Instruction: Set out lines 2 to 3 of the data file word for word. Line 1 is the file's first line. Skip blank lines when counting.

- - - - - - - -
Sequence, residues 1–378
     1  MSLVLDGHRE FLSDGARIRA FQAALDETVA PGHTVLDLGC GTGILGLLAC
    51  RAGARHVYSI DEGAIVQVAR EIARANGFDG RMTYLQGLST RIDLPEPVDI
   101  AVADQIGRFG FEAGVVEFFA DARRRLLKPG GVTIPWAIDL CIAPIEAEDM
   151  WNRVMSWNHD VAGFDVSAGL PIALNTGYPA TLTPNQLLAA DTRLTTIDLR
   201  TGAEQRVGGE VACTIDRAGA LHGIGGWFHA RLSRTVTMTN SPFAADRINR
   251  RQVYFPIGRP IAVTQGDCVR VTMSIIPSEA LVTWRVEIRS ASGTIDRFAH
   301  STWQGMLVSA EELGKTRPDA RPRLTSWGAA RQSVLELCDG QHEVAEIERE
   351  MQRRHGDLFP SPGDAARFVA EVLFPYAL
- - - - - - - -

     1  MSLVLDGHRE FLSDGARIRA FQAALDETVA PGHTVLDLGC GTGILGLLAC
    51  RAGARHVYSI DEGAIVQVAR EIARANGFDG RMTYLQGLST RIDLPEPVDI